Budget committee accepts proposal to assume advisory role in investment decisions

China Baptist Church

by Mary Grow

The five (out of seven) China Budget Committee members at a special Sept. 26 meeting unanimously accepted Town Manager Dennis Heath’s proposal that the committee assume an advisory role in town investment decisions.

Part of the draft financial policy Heath has developed says that town funds will be invested as recommended by the budget committee and approved by the board of selectmen.

Budget committee members added, at Heath’s suggestion, a requirement that he make regular financial reports to them, to make their new responsibility easier. They agreed on quarterly reports, and further agreed emailed reports would not necessarily require a meeting to discuss them.

In the past, the committee’s only role has been to meet before any town vote involving appropriation of town funds and make recommendations on the proposed expenditures. Heath pointed out that under the Budget Committee Ordinance, the committee may also “make such other recommendations on fiscal matters as it may from time to time deem advisable.”

The new budget committee role is part of a more comprehensive fiscal rearrangement that Heath will present to selectmen at a future meeting.

2018 LOCAL TAX PAYMENT INFORMATION

TAX PAYMENT INFORMATION

CHINA

First half payment due Friday, Sept. 28.
Second half payment due Friday, March 29, 2019.

VASSALBORO

First quarterly payment due Monday, Sept. 24.
Second quarterly payment due Monday, Nov. 26.
Third quarterly payment due Monday, February 25, 2019.
Fourth quarterly payment due Monday, April 22, 2019.

WINDSOR

First half payment due Sunday, Sept. 30.
Second half payment due Sunday, March 31.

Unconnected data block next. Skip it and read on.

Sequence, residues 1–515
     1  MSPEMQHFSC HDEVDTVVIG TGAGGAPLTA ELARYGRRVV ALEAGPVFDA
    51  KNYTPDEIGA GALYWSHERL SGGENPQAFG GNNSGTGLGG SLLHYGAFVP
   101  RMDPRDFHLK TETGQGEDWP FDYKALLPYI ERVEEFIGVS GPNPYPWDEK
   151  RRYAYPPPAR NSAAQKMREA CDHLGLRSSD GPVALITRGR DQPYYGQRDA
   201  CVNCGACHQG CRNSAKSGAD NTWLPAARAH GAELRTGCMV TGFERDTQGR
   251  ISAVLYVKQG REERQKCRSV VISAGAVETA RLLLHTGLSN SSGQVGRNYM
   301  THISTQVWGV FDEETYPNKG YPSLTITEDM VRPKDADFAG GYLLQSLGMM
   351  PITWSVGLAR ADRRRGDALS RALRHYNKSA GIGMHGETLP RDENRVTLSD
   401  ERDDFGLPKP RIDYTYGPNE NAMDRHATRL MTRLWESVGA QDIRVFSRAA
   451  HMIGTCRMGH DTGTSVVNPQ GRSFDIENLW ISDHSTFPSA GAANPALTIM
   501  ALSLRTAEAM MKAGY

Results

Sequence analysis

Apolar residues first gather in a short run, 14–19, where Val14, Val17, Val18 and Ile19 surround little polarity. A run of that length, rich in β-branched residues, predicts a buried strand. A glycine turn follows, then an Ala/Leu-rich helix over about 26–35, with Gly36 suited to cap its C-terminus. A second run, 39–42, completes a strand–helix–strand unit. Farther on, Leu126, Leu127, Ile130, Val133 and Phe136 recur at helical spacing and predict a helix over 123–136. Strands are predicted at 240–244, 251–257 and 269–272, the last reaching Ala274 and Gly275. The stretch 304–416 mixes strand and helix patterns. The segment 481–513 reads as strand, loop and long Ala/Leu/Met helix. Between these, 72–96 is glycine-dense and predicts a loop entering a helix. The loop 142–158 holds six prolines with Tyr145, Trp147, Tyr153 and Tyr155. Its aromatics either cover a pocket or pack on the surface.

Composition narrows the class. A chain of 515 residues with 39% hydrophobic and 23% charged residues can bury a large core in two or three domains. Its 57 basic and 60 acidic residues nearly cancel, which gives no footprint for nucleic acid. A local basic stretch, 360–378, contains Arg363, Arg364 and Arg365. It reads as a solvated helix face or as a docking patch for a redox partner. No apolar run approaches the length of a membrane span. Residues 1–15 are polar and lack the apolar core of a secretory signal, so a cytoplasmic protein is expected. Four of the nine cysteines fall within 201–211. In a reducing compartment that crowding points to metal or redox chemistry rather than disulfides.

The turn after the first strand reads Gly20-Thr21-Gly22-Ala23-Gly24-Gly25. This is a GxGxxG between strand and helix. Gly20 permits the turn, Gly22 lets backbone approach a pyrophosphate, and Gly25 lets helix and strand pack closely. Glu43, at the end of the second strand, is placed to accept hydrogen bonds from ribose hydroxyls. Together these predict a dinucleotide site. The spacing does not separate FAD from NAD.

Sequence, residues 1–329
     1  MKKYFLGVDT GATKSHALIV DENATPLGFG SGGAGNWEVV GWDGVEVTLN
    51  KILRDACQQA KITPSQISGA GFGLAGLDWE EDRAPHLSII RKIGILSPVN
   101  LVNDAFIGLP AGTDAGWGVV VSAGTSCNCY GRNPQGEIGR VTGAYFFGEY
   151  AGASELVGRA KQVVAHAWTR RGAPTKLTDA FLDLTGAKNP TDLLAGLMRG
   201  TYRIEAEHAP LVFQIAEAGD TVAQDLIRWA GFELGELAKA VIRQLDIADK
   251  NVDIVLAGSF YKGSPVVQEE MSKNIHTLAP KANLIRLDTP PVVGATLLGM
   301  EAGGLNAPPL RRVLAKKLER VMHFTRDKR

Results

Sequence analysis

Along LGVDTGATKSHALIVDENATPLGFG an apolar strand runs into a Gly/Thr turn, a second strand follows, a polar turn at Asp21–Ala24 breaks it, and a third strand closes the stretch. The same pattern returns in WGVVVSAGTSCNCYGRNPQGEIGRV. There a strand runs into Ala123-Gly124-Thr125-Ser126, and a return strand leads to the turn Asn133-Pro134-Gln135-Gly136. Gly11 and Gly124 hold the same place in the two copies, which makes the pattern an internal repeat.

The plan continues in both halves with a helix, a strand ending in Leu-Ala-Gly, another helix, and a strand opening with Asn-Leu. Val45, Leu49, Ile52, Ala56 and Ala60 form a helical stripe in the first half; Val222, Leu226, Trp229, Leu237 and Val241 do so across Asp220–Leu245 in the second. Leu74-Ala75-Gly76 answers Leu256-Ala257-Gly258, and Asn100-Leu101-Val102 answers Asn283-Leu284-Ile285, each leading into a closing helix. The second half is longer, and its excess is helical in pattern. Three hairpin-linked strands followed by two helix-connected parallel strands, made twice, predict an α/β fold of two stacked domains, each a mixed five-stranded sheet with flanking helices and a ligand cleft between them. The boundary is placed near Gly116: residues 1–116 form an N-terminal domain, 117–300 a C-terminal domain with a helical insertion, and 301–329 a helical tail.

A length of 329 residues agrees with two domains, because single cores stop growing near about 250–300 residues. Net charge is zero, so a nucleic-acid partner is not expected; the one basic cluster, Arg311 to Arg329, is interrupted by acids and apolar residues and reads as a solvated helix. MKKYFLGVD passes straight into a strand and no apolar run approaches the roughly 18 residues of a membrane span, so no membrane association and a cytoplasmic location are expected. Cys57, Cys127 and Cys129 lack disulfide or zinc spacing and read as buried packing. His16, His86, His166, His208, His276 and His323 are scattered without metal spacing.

WINSLOW

First quarterly payment due Friday, Oct. 12.
Second quarterly payment due Friday, Dec. 7.
Third quarterly payment due Friday, March 8, 2019.
Fourth quarterly payment due Friday, June 7, 2019.

These compiled from the China and Vassalboro town reports (town meeting warrants) and the Windsor and Winslow websites.

Cony graduate completes basic training

Lilianne Nichols

Liliane Nichols, a 2018 graduate of Cony High School, in Augusta, recently graduated in the top 10 percent from B Battery, 1st Battalion, Third Platoon, U. S. Army Training Center, Fort Sill, Oklahoma.

She is the daughter of Sara and Seth Nichols of Augusta and Dawn and Jason Bryant, of Fairfield.

On family day, Seth Nichols was invited to promote Soldier Nichols to Private Second Class (PV2) Nichols as Sharon Nichols, her grandmother, of Palermo, joined other families honoring the 20 soldiers receiving this honor. PV2 Nichols is the granddaughter of Gary Nichols, of South China.

PV2 Nichols is assigned to Sam Houston Joint Base, San Antonio, Texas, studying to be a combat medic.

Five questions, candidates on China’s November ballot

China Baptist Church

by Mary Grow

China voters have on their Nov. 6 ballots five referendum questions and in annual local elections one contest and two vacancies.

The candidate list provided by Town Clerk Becky Hapgood shows four candidates for three positions on the Board of Selectmen. Incumbents Jeffrey LaVerdiere and Donna Mills-Stevens each seek another two-year term; Ronald Breton and Wayne Chadwick would also like to be selectmen. Incumbent Neil Farrington is not seeking re-election. Instead, he is running unopposed for China’s seat on the Regional School Unit #18 Board of Directors currently held by Charles Clark. Dawn Castner is the town’s other representative.

For the planning board, incumbents Thomas Miragliuolo (District 4) and Toni Wall (District 2) seek re-election without opposition. There is no candidate on the ballot for the at-large position, elected from anywhere in town, currently held by Breton. For the budget committee, incumbents Timothy Basham (District 4), Jean Conway (secretary) and Thomas Rumpf (District 2) are unopposed for re-election. There is no candidate for the at-large position currently held by Valerie Baker.

The local referendum questions ask if voters want to:

  • Repeal China’s quorum ordinance;
  • Ask the Maine legislature for an exemption from the requirement that all municipalities collect personal property taxes on business equipment;
  • Appropriate up to $5,000 from Tax Increment Finance (TIF) funds to explore building an emergency services building and perhaps a community center on the former Candlewood subdivision, almost 40 acres of town-owned land off the north end of Lakeview Drive;
  • Appropriate up to $26,000 from current-year sale of tax-acquired properties for additional salaries and benefits for transfer station staff; and